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Spokane board OKs leaner school budget

Thu., Aug. 13, 2009

The child care program that helped Devony Audet graduate from Havermale is among cut programs. (J. BART RAYNIAK / The Spokesman-Review)
The child care program that helped Devony Audet graduate from Havermale is among cut programs. (J. BART RAYNIAK / The Spokesman-Review)

Federal money helped Spokane Public Schools escape record teacher layoffs and program reductions, officials said. But that alone didn’t cut it.

To cover the remaining gaps, the district and the school board worked to trim from multiple areas they hoped would have the smallest effect on classrooms. Still, positions were left vacant and some programs were cut.

The Spokane School Board on Wednesday approved the 2009-’10 budget of $306.2 million – nearly 1 percent less than 2008-’09 budget.

One casualty is the day care at Havermale High School used by teen parents and some staff. Closing it saved about $100,000.

Devony Audet, 19, said she couldn’t have earned her high school diploma without the care for her son, now 2. She graduated with honors in June.

“I’m friends with girls who are still using it, and they aren’t sure if they will be able to continue their education” in the fall, said Audet, who wants to be a nurse. “I have a lot of family support, but no one who was available to take care of my son. There are girls who don’t even have the family support. It’s a big deal in so many ways.”

With fewer than five students enrolled in the program, officials felt it was a reasonable cut.

“We’ve had to make many other tough cuts … involving comparatively few students,” board President Rocky Treppiedi said.

The service could return in winter, district officials said.

Community Colleges of Spokane has applied for a federal Early Head Start grant to serve teen parents in Spokane Public Schools and the West Valley School District. Grants should be awarded in October.

The school board and administrators have been hammering out the 2009-’10 budget since fall 2008.

“We used to start a couple months before the end of the school year. Now it’s a yearlong project,” Treppiedi said in a previous interview.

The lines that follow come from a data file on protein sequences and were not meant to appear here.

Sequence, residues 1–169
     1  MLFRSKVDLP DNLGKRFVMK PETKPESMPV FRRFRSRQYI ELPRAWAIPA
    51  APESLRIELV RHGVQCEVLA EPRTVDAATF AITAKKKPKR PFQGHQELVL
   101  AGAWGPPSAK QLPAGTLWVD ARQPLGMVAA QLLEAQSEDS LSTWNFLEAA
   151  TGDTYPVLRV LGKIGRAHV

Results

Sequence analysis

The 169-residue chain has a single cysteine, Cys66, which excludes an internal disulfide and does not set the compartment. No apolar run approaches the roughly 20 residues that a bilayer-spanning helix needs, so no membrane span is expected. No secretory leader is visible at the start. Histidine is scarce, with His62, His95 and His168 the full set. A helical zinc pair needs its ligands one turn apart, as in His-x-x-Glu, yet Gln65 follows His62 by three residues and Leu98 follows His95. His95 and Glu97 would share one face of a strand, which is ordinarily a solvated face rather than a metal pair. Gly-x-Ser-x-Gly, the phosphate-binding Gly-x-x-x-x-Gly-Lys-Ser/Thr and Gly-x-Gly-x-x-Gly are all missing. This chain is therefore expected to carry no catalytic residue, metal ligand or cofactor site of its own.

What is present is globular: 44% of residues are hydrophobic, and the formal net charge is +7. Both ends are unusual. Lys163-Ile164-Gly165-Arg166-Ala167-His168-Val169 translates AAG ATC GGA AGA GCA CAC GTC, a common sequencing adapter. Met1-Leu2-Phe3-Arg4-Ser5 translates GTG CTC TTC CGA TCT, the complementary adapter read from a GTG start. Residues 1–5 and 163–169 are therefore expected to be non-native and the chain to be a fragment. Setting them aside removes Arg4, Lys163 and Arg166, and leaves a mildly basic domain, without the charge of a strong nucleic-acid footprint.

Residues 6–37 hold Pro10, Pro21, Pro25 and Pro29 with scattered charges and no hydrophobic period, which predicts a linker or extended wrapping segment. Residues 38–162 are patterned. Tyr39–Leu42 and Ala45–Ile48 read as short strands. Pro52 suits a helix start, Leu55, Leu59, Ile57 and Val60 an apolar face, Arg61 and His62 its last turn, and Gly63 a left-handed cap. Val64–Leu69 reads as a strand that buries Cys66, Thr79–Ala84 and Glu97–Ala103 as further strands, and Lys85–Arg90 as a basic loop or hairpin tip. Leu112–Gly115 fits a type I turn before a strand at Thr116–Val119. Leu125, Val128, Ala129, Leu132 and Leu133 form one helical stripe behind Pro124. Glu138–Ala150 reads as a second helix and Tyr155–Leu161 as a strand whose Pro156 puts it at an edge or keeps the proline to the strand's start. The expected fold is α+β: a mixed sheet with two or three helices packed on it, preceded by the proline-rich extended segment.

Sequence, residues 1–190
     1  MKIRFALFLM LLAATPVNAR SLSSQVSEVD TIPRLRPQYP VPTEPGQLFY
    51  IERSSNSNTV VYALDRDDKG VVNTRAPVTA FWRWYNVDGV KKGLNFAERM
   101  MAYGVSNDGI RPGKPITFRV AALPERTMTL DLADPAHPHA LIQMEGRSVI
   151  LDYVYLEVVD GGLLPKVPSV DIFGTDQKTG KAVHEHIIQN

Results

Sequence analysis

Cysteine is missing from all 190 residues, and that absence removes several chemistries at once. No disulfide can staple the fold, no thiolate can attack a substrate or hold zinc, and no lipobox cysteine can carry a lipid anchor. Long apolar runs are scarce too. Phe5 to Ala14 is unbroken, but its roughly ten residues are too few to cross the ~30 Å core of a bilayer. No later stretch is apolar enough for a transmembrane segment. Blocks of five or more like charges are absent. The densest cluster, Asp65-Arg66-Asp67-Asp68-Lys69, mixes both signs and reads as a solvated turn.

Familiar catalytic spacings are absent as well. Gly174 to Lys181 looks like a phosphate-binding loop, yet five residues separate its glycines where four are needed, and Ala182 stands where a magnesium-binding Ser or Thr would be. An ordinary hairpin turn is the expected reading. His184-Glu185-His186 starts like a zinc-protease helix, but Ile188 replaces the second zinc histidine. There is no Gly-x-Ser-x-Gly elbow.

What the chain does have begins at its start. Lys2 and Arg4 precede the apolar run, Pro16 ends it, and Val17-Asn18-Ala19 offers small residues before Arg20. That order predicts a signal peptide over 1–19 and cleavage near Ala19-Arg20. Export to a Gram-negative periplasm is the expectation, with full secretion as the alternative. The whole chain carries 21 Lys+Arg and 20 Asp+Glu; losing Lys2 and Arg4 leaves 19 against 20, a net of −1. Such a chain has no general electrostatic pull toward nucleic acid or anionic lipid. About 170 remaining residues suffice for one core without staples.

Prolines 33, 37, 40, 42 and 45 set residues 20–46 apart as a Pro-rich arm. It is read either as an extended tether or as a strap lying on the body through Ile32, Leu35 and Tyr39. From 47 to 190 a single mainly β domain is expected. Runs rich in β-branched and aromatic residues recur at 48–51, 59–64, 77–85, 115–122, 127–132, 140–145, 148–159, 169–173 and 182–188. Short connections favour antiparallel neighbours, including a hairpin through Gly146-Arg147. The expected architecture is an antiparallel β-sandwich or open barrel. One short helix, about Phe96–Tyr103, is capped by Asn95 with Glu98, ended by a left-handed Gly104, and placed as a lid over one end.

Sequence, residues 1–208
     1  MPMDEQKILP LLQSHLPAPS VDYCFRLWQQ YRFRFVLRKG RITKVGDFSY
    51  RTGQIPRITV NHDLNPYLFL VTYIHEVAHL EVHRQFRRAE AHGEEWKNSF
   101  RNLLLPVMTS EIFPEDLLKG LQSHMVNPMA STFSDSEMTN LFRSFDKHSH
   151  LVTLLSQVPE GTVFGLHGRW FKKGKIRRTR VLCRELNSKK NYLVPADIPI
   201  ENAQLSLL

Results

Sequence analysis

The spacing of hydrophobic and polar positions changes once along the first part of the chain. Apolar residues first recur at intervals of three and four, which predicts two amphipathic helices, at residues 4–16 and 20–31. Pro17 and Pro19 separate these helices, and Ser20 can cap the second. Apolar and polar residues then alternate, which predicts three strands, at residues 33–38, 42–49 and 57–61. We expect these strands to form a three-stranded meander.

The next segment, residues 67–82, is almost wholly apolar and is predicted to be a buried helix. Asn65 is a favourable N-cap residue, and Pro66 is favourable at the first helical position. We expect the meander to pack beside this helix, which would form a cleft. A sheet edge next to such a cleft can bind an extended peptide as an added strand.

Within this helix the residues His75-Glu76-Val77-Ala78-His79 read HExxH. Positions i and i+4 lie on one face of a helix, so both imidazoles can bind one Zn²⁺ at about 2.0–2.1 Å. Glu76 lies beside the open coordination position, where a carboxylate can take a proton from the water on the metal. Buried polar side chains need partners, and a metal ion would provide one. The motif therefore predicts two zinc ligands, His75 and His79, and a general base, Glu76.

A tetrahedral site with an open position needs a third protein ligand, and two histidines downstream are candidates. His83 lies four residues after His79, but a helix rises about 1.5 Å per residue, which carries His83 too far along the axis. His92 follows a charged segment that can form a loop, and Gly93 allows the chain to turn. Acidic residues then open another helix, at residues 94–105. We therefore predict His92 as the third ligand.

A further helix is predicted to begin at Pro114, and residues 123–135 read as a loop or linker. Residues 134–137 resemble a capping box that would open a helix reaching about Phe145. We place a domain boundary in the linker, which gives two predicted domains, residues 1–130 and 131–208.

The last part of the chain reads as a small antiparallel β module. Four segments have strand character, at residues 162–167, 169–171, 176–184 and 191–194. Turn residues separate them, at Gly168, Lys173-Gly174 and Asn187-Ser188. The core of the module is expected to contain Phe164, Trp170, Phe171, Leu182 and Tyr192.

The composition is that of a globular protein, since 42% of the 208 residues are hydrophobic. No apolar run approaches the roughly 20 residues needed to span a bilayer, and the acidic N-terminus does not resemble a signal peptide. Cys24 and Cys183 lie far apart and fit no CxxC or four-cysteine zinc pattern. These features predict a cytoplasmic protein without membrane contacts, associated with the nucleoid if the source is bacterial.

Neil Sullivan, the district’s executive director of finance, said “this was the most frustrating budget we’ve ever put together. The rules for using the federal money were constantly changing,” sometimes hourly.

From the 2008-’09 budget to the current one, state funding dropped by $27 million. Federal funding added $21 million, but some of that money had to be spread over two years, and certain amounts were directed to specific areas.

“The state stabilization money (from the federal government) was specifically for things the state could not fund, so the state funding went away, but they backfilled it with the federal money,” Sullivan said. Some of the federal money was designated for special education and schools where more than 40 percent of students live below the poverty level.

Federal funds also went to new all-day kindergarten programs at Garfield and Linwood elementaries.

Because of uncertainty surrounding the federal funds, the district in May sent layoff notices to 103 teachers, counselors and librarians. All who had received notifications were brought back, officials said.

In addition to the child care program, other reductions include: a two-day pay cut for administrators ($100,000); travel, catering and cell phone costs ($260,000); and fuel costs ($400,000).

The district’s largest expense is payroll, which includes about 5,000 certified and classified staff. Leaving vacant 42 teaching positions – 17 in elementary schools, 12.7 in middle schools and 12.4 in high schools – saved $2.5 million. A reduction in clerical support staff saved $210,000.

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